It may seem old-fashioned, but newspapers are still a common way to search for jobs in Germany. Ads for jobs normally run in the weekend edition of the paper. National newspapers will often advertise more senior roles, while local newspapers may be better suited for junior roles.
Job agencies or advisors can be a great option, especially for those still living abroad. If you are already in Germany, it is worth visiting a branch of the Federal Employment Agency (Bundesagentur für Arbeit, BA). They operate in most German towns and cities and their goal is to help people find suitable jobs. There are also private recruitment agencies. These services, however, may charge large fees.
Along with the EURES job fairs mentioned earlier, Germany also has a number of different trade events. Look online to find any trade fairs happening near you and then thoroughly research which companies will be involved. Try to target one or two specific firms. Your knowledge and research will impress the company’s representative and help you land an opportunity.
Many German companies advertise job openings on their website. If you are interested in working for a specific company, it is worth scouring their website because sometimes these job offers are not posted elsewhere.
Many German companies also accept speculative applications. That is, even if there is no specific vacancy, you can still apply if you truly believe you’d be an asset to that particular company. Taking this route will require you to be an expert on the company and have a strong case for wanting to join the team.
In Germany, the standard layout for a CV (or, as it’s called in German, Lebenslauf) tends be very different to those found in the Anglosphere. Firstly, a Lebenslauf is more far more concise and fact-driven. Likewise, German companies expect it to adhere to standardised formatting. Stylistic innovation in most industries is not recommended. A Lebenslauf should also include a professional photo. While German companies can no longer legally require this, it is certainly preferred.
The website Europass offers templates for German Lebensläufe and cover letters.
In addition to a Lebenslauf and a cover letter, you will also be required to submit certification of your formal qualifications (more on this below). It is also a good idea to include letters of recommendation.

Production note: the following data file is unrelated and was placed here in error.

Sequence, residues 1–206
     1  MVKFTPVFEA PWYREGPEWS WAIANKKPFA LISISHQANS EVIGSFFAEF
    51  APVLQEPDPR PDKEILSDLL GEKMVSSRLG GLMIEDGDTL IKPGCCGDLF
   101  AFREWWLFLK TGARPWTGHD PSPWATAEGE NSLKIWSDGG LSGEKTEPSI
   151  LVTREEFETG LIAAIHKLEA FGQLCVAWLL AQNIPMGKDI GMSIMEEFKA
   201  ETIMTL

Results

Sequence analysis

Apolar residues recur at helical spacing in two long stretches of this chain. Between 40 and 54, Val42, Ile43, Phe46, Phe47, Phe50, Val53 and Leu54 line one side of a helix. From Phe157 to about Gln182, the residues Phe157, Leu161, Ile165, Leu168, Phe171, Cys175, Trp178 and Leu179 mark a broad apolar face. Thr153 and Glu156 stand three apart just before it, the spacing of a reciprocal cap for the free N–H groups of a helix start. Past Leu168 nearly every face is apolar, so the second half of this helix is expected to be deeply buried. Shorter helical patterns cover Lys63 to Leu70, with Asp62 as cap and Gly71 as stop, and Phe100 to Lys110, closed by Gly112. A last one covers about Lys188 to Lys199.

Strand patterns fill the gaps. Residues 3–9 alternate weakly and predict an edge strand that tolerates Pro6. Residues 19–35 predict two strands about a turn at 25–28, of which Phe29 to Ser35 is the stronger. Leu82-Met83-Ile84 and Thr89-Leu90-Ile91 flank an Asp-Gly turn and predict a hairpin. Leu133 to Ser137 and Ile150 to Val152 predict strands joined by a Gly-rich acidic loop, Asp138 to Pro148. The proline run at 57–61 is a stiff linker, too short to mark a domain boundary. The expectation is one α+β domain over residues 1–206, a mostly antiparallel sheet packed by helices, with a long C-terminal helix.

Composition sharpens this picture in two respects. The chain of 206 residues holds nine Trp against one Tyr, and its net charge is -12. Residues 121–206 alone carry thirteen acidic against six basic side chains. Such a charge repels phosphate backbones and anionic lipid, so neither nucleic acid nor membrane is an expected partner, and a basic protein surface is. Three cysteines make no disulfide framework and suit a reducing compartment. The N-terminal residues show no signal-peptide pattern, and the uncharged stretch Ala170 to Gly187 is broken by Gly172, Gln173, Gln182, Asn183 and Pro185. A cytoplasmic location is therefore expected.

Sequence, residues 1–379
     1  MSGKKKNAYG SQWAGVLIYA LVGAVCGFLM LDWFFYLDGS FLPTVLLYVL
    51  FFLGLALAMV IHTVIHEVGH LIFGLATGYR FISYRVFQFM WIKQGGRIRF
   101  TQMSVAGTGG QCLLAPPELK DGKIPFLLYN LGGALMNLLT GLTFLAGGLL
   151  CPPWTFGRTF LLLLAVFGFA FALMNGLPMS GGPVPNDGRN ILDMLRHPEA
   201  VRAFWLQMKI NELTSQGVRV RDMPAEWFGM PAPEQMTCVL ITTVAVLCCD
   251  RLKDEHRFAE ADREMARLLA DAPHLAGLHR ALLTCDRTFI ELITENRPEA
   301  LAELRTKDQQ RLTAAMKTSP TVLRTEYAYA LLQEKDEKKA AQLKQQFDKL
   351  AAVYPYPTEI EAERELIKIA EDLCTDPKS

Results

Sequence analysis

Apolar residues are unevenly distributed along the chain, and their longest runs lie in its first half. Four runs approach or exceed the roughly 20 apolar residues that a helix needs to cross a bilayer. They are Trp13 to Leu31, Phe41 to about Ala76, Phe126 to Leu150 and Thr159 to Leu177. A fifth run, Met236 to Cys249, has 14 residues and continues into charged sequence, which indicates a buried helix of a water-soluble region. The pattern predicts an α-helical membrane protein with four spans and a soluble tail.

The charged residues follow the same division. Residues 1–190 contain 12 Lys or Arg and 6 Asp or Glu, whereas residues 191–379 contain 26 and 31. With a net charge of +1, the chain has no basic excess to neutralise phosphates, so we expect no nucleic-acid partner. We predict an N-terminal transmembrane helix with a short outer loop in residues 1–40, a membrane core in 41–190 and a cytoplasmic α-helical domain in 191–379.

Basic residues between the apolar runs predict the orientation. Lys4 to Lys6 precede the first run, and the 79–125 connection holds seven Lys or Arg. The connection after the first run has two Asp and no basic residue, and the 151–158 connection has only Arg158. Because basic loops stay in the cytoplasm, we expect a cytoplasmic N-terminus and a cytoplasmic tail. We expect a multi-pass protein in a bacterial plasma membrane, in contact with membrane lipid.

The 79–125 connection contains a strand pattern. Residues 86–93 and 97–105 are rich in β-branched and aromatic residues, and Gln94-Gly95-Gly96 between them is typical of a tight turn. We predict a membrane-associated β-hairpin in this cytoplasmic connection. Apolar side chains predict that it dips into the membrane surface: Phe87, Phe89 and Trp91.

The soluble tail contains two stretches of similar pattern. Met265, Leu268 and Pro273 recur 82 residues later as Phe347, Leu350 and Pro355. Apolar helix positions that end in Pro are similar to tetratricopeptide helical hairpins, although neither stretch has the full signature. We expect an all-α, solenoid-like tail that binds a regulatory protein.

All of these documents should be combined into a single PDF before being submitted.
In Germany, there are a number of industries that require workers to have formally recognised qualifications. Even if it is not mandatory for your industry, it may nonetheless be beneficial to have your qualifications officially recognised. This is because foreign institutions have different names and functions, thus it is often hard for German employers to understand exactly what level of qualification you possess.
Having your qualifications recognised can be a good way to set your application apart. Germany has great respect for academic achievements and formal training.
Getting your qualifications recognised, however, can be a time consuming and costly process. It usually costs between 200 to 600 Euros, but there will be also be additional costs for translations, certifications, travel expenses, and so on.
Where you will need to go to get your qualifications recognised will depend on your profession and where you work. To find out which body is responsible for your industry use the “recognition finder” function on the government’s website. The website offers information in both English and German and is a helpful tool.
Having a recognised formal qualification may not be enough to secure a job in Germany. There are also a number of other aspects, such as language and country of origin, which will affect whether or not you will be granted a work permit or be able to find a job. The website Make it in Germany has a good ‘quick-check’ function that helps you assess your job possibilities in the country.
Again, this can not be stressed enough: your job opportunities will be directly proportional to your German abilities. It is certainly worth enrolling in German classes before and while you are searching for a job in Germany or at home. If you do not feel confident writing your cover letter or Lebenslauf in German then at least write your emails to the HR office in German. Even if the company’s official operating language is English, you will be a far more attractive candidate if you can speak German.
Make it in Germany also offers a hotline and chatline for professionals seeking advice about working life in Germany. The service is also available in English. Their comprehensive PDF also includes a lot of helpful information for job seekers.
Have you worked in Germany? Share your experience in the comments below, or answer the questions here to be featured in an interview!